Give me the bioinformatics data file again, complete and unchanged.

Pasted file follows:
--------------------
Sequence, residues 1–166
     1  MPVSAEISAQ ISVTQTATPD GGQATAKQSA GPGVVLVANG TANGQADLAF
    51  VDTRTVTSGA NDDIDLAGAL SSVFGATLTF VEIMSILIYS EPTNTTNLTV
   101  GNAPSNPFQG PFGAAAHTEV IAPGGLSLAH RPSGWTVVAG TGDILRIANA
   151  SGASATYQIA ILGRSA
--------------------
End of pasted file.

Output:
Sequence, residues 1–166
     1  MPVSAEISAQ ISVTQTATPD GGQATAKQSA GPGVVLVANG TANGQADLAF
    51  VDTRTVTSGA NDDIDLAGAL SSVFGATLTF VEIMSILIYS EPTNTTNLTV
   101  GNAPSNPFQG PFGAAAHTEV IAPGGLSLAH RPSGWTVVAG TGDILRIANA
   151  SGASATYQIA ILGRSA